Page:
BEIJING (Reuters) - The number of fresh outbreaks of African swine fever in China has dropped this year and pig production is slowly returning to normal, its vice agriculture minister said, amid suspicions that the full extent of the disease is not being reported.
African swine fever is deadly to pigs and there is no cure or vaccine for the disease, which has swept across China, the world's top pork producer, since August last year.
Asked about reports of recent fresh outbreaks of swine fever, Vice Minister of Agriculture and Rural Affairs Yu Kangzhen said China had seen only 44 new cases in the first six months of 2019.
That brings the total number of cases China has reported since the first one in August 2018 to 143, with 1.16 million pigs culled, Yu told reporters at a briefing on Thursday.
However, many outbreaks are not being reported, farmers have told Reuters, with local officials in some provinces unwilling to verify the disease.
Reuters reported this week that as many as half of China's breeding pigs have died from African swine fever or been slaughtered because of the spreading disease, twice as many as had been officially acknowledged.
Yu said the government is currently checking online reports of alleged outbreaks of the disease, adding that any party not reporting a case would be severely punished.
"Our attitude is very clear: when it comes to under-reporting of the disease, though we can't guarantee zero cases [are not reported], we will definitely have zero tolerance for it," he said.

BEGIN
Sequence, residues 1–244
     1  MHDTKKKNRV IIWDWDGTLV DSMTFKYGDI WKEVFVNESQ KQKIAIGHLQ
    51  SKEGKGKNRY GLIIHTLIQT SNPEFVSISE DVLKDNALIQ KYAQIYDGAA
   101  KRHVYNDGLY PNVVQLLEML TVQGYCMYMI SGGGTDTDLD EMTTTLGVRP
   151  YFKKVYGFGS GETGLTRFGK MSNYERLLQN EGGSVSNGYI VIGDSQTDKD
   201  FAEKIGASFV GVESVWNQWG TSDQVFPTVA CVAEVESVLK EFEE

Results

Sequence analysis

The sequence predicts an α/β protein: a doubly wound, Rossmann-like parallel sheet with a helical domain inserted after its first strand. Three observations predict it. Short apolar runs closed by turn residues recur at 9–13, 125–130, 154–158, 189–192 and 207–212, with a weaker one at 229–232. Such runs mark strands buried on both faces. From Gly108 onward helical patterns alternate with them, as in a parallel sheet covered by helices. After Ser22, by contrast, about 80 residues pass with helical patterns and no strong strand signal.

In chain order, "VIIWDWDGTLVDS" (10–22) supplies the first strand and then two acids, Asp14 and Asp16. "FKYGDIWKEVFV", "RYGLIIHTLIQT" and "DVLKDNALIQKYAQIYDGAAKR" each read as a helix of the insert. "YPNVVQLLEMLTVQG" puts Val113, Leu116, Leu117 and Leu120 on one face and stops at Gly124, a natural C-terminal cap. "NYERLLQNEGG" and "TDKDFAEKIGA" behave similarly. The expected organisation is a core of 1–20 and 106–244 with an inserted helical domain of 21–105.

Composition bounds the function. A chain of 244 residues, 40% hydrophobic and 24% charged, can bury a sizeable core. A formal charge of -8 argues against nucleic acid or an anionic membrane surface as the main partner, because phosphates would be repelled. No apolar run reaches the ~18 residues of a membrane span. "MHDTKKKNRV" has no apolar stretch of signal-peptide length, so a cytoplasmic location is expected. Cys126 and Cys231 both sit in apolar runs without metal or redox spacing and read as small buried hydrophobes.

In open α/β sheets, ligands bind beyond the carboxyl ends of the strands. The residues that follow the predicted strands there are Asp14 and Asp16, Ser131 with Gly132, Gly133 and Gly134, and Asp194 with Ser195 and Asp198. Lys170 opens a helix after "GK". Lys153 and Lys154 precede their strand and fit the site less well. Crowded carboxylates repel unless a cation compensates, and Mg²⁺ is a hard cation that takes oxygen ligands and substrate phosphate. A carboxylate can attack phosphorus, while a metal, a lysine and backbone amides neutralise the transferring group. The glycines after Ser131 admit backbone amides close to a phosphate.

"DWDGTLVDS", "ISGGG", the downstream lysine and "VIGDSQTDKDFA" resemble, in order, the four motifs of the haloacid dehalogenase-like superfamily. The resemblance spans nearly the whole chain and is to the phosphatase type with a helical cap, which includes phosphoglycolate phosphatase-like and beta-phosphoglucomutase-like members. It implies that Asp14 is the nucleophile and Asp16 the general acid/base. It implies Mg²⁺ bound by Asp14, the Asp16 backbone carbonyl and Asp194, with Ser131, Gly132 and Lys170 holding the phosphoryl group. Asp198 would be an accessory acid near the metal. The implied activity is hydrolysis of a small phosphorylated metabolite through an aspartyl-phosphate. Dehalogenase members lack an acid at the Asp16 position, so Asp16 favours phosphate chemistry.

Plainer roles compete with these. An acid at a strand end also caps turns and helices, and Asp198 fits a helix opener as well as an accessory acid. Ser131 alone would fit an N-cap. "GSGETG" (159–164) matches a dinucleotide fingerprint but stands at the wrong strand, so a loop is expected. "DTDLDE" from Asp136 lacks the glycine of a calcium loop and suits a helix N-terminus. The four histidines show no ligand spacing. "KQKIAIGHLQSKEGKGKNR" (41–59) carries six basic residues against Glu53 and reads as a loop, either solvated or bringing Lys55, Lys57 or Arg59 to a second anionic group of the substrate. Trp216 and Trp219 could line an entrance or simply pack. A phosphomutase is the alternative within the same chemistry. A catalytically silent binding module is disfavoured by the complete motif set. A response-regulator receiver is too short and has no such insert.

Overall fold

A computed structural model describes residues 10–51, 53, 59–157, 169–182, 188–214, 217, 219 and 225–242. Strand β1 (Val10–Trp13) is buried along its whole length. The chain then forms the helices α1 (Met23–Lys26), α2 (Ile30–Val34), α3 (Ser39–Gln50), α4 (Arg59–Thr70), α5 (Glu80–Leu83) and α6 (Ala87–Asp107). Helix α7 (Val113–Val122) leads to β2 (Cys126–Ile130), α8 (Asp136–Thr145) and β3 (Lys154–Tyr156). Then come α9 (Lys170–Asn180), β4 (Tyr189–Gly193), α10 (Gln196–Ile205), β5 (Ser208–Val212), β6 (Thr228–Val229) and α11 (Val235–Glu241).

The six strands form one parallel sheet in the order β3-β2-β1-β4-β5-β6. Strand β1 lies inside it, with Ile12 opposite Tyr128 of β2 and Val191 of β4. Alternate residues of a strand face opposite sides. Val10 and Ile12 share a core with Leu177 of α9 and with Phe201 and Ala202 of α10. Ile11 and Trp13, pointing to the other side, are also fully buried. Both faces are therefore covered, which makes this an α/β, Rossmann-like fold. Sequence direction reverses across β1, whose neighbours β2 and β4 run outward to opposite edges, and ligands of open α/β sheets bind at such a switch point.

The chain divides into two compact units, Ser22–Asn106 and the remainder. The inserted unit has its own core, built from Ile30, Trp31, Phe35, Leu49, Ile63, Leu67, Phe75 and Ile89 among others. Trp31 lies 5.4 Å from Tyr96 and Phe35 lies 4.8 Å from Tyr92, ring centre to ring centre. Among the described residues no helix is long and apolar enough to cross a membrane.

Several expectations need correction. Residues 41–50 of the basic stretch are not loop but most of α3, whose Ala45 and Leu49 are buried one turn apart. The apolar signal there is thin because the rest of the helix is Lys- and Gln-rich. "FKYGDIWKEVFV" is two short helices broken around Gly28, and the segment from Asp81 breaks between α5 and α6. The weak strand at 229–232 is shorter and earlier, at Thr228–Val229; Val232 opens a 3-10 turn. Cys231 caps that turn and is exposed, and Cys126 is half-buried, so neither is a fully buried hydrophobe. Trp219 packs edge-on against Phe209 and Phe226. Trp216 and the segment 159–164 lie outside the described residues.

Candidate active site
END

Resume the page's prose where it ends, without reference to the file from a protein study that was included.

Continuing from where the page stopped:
Some talk of cases turned out to be rumours after official checks, he said.
But he said there were still challenges in controlling the spread of the fever. Feeding kitchen waste to pigs is banned, for example, but is still taking place, Yu said.
The virus can remain in meat that has not been properly cooked, potentially infecting pigs that eat food scraps.
The capability of China's many small farmers to prevent the disease is also weak, he said, and areas with many outbreaks tend to be places where there are not enough people and money to prevent and control it.
Yu's comments came after China's cabinet issued new guidelines on strengthening measures to prevent and control the disease, warning that there were shortcomings in China's efforts and that the situation remained severe.
China's State Council said management of transporting live hogs is not strict enough and there is insufficient capacity in testing for the African swine fever virus in slaughtering plants. It also urged stricter handling of kitchen scraps.
The disease will leave China with a "tight balance" in pig supplies, said Yu, adding that imports, including from the United States, would help adjust supplies.
Others have warned of a looming shortage of millions of tonnes of pork.
VACCINE AT EARLY STAGES
Yu also warned that research and development of a vaccine to prevent swine fever is only in early stages and faced lots of challenges and technical bottlenecks.
He declined to comment on a timeline for the likely launch of a Chinese-made vaccine.
Chinese state media reported in May that government researchers were ready to start clinical trials on a vaccine after identifying suitable candidates.
Yu said research institutes have set up partnerships with major vaccine producers in China, but that developing a safe and effective vaccine was an "austere task".
(Reporting by Hallie Gu and Martin Pollard; Writing by Dominique Patton; Editing by Christian Schmollinger, Joseph Radford and Tom Hogue)